Prediction: 3rd Parties Will Win

by Peter B. Gemma

Commentary originally published by OpEdNews

piechartelection2016-1-56-06-pmIn a vacuum of serious policy decisions and debates, minor parties can be effective catalysts for issues that are eventually absorbed by the major parties. In his book The Other Candidates: Third Parties in General Elections, author Frank Smallwood observed that alternative political candidates, “have often been successful in advancing initiatives that have later been incorporated into our political life. Even on those occasions where their ideas have been rejected, third parties have acted as a sounding board by providing a forum for discussion and debate.”

A wide range of pundits have expressed their frustrations with the bipartisan choke hold on competition. New York Times writer Micah Sifry describes the two party monopoly as “a peculiar and long-lasting arrangement that has stifled political competition from other forces for more than a century.”

Conservative commentator Lou Dobbs asserts, “I can’t take seriously anyone who takes the Republican or Democratic Party seriously – both are bought and paid for by Corporate America and special interests.” And from the left, Ralph Nader maintains, “as the Republican and Democratic parties take more money from the same sources, they morph into one corporate party with two heads.”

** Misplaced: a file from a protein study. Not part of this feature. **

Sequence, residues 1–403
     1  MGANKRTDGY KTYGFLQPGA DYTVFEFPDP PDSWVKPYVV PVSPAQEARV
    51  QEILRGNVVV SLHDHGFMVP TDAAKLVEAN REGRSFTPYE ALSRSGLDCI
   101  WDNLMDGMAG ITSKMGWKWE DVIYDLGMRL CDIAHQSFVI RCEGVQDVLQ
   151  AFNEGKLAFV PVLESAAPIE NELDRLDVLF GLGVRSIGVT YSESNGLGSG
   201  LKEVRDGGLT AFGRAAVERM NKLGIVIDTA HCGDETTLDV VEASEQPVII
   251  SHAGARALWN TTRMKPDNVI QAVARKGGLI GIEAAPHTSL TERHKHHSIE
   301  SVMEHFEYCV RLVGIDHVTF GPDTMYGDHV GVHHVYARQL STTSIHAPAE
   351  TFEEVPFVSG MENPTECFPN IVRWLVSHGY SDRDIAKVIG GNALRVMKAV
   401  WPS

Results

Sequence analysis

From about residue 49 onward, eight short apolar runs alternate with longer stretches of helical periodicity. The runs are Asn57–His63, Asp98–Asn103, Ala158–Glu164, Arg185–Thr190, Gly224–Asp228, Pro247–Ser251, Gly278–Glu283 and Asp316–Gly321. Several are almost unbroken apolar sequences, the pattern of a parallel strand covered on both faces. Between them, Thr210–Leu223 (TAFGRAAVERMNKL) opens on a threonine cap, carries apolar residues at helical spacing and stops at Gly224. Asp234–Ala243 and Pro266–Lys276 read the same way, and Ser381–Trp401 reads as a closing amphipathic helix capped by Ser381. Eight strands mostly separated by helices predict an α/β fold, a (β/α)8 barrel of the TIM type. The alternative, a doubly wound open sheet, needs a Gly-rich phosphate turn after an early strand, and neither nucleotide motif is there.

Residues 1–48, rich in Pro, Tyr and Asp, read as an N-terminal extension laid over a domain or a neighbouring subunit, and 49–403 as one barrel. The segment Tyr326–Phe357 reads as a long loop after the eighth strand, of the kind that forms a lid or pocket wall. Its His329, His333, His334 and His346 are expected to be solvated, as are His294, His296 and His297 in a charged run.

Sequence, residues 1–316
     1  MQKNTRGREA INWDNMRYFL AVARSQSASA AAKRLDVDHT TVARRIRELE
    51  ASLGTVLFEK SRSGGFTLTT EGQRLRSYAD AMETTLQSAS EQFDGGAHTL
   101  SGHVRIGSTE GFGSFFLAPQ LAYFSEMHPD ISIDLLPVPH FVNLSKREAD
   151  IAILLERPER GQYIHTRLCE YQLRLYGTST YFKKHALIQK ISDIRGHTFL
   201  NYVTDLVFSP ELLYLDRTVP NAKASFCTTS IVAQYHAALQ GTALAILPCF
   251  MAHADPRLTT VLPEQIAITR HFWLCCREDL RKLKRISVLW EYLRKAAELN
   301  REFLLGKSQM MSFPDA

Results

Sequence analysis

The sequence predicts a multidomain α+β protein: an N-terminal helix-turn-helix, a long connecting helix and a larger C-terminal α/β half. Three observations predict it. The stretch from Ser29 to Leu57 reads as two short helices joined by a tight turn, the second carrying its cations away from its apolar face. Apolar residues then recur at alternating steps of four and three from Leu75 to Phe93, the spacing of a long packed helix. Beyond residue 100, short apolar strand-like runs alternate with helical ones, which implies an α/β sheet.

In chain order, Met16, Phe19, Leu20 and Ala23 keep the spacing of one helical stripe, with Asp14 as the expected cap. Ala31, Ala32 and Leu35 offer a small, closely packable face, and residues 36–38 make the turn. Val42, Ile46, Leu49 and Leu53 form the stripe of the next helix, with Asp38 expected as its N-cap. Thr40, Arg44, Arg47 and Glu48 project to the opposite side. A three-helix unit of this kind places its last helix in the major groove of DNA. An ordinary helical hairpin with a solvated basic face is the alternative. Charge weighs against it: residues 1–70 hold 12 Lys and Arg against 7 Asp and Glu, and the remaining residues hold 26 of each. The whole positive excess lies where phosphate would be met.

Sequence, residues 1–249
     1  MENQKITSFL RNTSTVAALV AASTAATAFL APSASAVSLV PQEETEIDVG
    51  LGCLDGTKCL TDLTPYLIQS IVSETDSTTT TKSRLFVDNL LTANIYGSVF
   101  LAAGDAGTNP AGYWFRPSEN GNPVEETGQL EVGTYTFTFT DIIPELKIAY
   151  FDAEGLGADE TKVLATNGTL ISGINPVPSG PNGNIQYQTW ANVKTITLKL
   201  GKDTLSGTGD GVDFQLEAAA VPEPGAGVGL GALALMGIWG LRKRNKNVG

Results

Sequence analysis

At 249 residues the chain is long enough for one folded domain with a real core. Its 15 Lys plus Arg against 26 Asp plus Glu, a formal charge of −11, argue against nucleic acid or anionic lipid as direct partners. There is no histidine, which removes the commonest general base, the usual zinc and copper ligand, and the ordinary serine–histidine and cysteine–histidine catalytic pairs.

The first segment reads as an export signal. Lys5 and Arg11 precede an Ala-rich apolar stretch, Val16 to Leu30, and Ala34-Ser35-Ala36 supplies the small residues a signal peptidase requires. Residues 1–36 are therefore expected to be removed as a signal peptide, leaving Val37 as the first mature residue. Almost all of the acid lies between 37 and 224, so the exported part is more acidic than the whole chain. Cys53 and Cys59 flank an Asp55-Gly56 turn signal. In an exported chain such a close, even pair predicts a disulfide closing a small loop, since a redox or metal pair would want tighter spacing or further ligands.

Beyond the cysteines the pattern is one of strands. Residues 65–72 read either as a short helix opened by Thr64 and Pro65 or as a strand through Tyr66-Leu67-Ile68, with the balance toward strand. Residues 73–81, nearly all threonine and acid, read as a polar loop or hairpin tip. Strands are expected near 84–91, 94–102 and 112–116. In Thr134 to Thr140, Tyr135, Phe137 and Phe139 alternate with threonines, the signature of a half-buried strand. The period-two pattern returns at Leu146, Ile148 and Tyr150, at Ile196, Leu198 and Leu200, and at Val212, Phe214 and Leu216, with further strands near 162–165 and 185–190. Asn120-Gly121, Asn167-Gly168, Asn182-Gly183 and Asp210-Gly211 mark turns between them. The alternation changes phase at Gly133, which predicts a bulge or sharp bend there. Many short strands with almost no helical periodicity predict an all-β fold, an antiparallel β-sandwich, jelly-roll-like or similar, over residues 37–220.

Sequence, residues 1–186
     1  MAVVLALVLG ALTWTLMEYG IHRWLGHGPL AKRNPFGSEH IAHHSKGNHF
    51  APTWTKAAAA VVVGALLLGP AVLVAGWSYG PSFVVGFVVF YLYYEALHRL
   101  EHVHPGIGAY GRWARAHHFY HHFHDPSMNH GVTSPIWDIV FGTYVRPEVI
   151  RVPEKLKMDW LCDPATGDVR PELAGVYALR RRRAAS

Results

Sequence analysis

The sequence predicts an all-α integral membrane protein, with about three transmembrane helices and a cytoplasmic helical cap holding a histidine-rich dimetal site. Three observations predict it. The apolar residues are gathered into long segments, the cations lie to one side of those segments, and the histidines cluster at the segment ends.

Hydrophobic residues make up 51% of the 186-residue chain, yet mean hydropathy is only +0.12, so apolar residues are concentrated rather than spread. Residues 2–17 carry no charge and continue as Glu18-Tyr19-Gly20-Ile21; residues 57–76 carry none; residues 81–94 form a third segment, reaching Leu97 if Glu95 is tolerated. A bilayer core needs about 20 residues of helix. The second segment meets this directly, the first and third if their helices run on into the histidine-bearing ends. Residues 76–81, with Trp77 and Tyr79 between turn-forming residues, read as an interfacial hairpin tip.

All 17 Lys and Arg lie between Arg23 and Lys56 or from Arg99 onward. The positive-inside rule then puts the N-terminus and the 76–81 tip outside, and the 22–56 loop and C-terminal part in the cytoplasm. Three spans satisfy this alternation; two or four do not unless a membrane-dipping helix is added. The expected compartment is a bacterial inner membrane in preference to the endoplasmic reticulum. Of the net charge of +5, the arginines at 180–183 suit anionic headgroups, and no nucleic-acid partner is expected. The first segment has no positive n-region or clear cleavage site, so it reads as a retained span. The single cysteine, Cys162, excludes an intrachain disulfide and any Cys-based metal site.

Third parties have shouted truth to the ruling duopoly with some success. The Socialist Party first advocated laws establishing minimum ages and limiting hours of work for children in 1904. The Keating-Owen Act established such regulations in 1916. The Prohibition Party promoted women’s suffrage during the late 1800s and by 1916 both Republicans and Democrats supported it.

The Colorado Libertarian Party had elected a mayor, two city council members, and a sheriff before passage of the successful referendum to decriminalize the use of marijuana in that state.

Seattle was one of the first big cities to pass a $15 minimum wage law in 2015. City councilor Kshama Sawant of the Socialist Alternative Party was elected in 2013 in large part by advocating a $15 minimum wage.